PATIENT SAFETY AND MEDICAL LIABILITY: Stephan Landsman, a professor at DePaul College of law, represented the ABA at an Oct. 26 meeting of the Agency for Healthcare Research and Quality’s National Advisory Council’s Subcommittee on Patient Safety and Medical Liability Reform Demonstrations. Landsman is a member of the Standing Committee on Governmental Affairs Subcommittee on Medical Malpractice and Health Care Reform. The meeting brought together experts to comment on a new demonstration initiative launched by the Department of Health and Human Services to test models for improving patient safety and reducing preventable injuries, fostering better communication between doctors and patients, ensuring patients are compensated in a fair and timely manner, and reducing liability premiums. The $25 million in funding for the initiative will include support for demonstration grants and planning grants to states and health systems and a rapid and comprehensive review of current efforts targeting patient safety and medical liability. The application deadline for the grants is Jan. 20, 2010. Landsman focused his comments on patient safety and the need to reduce medical errors. He emphasized ABA policy adopted in 2008 that urges federal, state and territorial legislative bodes to adopt legislation establishing pilot programs that enable and encourage medical personnel to report hospital events that, if repeated, could threaten patient safety. He said that such pilot programs address both liability and patient safety. Landsman also said ABA policy supports enactment of state and territorial legislation relating to the pain, suffering, or death of a person that would provide that certain apologies by a medical provider or the staff of a medical provider, as the result of unanticipated outcomes of medical care, shall be inadmissible as evidence of an admission of liability or as evidence of an admission against interest for any purpose in a civil action for medical negligence.
DOMESTIC VIOLENCE: ABA President Carolyn B. Lamm said last month in a letter to Sen. Barbara Mikulski (D-Md.) that health insurers should not be permitted to deny coverage to victims of domestic violence. In her letter to Mikulski, who chaired a hearing Oct. 15 on the gap in health care costs and coverage between men and women in America, Lamm noted that when the ABA adopted policy in 1995 opposing this form of discrimination, domestic violence was the single largest cause of injury to young adult women. At the time, victims were being denied insurance coverage on the pretext that their status as abuse victims amounted to a pre-existing condition. Today, domestic violence continues to be a leading cause of injury to young adult women, and in eight states and the District of Columbia it remains legally permissible to deny a woman health insurance coverage because of her status as a survivor of domestic violence. “When it comes to health insurance, women are discriminated against,” Mikulski said during the hearing, which was held before the Senate Committee on Health, Education, Labor and Pensions. “We pay more – in higher premiums – and get less. Often we are denied care, whether it’s because pregnancy is considered a pre-existing condition, or because we’re not covered for preventive and wellness initiatives,” she stated. Mikulski pointed out that the health care reform package approved by the HELP Committee includes provisions to make sure that women have equal insurance benefits for equal premiums.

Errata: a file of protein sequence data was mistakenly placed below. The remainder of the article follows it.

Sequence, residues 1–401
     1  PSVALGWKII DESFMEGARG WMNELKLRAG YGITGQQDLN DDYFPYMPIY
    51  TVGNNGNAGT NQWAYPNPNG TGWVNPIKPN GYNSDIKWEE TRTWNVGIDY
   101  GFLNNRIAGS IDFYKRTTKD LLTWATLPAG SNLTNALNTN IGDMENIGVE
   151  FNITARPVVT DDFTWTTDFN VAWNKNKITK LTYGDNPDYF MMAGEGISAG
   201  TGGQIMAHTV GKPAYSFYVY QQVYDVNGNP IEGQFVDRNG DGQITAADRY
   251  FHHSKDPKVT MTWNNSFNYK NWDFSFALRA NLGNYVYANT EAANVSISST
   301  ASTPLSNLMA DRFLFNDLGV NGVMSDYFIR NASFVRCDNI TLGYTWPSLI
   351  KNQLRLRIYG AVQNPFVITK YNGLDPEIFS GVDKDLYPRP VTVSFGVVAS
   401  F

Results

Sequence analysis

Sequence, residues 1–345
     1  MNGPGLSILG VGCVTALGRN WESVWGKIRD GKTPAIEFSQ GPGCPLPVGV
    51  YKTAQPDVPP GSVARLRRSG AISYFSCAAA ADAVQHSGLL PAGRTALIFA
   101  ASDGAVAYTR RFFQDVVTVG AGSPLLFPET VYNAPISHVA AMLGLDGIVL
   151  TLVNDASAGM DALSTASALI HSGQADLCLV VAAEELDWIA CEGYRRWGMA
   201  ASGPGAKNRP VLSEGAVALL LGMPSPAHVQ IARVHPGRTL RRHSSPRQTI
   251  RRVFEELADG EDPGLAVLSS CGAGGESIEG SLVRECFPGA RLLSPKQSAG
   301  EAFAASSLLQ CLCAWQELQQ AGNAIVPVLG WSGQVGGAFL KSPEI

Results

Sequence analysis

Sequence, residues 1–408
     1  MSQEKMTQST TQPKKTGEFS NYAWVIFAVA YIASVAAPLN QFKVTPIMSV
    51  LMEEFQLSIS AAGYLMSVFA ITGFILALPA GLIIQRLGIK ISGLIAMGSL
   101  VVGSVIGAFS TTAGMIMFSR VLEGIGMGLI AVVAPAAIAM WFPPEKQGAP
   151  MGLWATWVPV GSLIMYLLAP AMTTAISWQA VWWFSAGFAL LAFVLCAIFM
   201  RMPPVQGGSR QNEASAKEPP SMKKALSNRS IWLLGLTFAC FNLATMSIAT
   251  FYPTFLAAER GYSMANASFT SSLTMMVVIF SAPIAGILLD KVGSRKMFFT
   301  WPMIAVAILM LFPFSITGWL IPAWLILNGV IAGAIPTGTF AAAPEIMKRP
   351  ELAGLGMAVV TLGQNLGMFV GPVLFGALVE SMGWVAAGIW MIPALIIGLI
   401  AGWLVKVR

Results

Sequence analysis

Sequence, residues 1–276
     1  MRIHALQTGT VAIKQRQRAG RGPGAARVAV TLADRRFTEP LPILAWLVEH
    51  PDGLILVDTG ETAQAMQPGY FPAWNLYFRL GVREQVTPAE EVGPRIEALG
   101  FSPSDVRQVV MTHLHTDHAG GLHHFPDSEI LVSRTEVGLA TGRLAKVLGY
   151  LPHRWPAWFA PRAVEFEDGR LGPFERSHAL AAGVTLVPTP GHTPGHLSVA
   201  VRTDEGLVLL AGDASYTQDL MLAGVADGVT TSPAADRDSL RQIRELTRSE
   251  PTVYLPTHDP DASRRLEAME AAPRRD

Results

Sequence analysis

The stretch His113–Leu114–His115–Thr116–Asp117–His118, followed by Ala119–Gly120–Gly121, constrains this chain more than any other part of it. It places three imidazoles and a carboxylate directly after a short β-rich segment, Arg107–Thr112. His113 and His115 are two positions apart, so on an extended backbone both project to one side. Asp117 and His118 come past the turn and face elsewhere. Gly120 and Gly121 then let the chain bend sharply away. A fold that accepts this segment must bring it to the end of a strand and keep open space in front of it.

LEGAL EDUCATION: A recent Government Accountability Office (GAO) report concluded that a move to a more hands-on, resource-intensive approach to legal education and competition among law schools for higher published rankings appear to be the main factors increasing the cost of law school, while ABA accreditation requirements appear to play a minor role. In addition, the report states that most law school officials do not cite ABA accreditation standards as having an impact on minority access at their schools. The report concluded that differences in educational attainment among some minority groups reduce their representation in the law school applicant pool. In a statement responding to the GAO findings, ABA President Carolyn B. Lamm said that “the ABA remains committed to addressing law student debt, to broadening the pipeline, and assisting diverse law graduates with success to create a more diverse and inclusive legal profession.” She added that “we must commit as a nation to making sure that academic resources are available to enable each student to achieve his or her full potential.” Lamm also suggested that it may be time to reexamine the impact of law school rankings. “It can be tempting to view all law schools on a single scale,” she said, “but that ignores that law schools have identified differing missions, serve different needs and offer different values, all while meeting basic legal educational needs.”